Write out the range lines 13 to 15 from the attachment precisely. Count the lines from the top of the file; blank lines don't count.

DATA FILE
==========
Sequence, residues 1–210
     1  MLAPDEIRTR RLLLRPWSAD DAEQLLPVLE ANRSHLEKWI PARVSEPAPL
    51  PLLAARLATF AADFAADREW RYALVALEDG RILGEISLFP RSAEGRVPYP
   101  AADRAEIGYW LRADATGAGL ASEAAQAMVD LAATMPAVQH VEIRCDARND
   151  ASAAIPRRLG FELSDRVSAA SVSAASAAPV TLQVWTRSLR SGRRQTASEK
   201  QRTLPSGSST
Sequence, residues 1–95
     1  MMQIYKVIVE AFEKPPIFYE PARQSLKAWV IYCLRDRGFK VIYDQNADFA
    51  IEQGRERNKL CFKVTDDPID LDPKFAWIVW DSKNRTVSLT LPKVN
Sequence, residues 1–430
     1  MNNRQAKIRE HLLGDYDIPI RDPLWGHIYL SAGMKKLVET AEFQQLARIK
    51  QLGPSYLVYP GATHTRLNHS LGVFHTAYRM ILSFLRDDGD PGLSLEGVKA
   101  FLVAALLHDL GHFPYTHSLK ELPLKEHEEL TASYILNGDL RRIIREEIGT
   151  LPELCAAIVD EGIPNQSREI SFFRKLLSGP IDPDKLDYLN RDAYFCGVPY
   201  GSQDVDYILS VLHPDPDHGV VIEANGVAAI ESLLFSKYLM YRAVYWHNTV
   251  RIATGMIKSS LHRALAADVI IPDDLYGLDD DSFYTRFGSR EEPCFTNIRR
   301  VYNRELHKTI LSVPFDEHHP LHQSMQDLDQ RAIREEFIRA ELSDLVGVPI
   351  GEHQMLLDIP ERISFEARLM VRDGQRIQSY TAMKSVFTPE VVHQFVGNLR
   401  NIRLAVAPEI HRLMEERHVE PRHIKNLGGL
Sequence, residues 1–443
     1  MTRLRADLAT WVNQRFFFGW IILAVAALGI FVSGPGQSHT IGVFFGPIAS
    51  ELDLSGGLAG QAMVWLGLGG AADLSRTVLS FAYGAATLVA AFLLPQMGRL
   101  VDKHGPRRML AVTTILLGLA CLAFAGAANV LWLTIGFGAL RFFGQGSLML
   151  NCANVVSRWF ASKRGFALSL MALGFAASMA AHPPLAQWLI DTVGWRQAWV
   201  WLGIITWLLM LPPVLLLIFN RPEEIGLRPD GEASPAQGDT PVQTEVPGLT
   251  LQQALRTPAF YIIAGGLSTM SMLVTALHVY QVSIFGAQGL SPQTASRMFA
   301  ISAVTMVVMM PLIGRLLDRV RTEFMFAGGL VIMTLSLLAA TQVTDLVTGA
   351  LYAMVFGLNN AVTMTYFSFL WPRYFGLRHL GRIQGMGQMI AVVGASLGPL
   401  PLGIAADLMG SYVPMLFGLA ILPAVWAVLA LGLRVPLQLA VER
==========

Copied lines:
   101  FLVAALLHDL GHFPYTHSLK ELPLKEHEEL TASYILNGDL RRIIREEIGT
   151  LPELCAAIVD EGIPNQSREI SFFRKLLSGP IDPDKLDYLN RDAYFCGVPY
   201  GSQDVDYILS VLHPDPDHGV VIEANGVAAI ESLLFSKYLM YRAVYWHNTV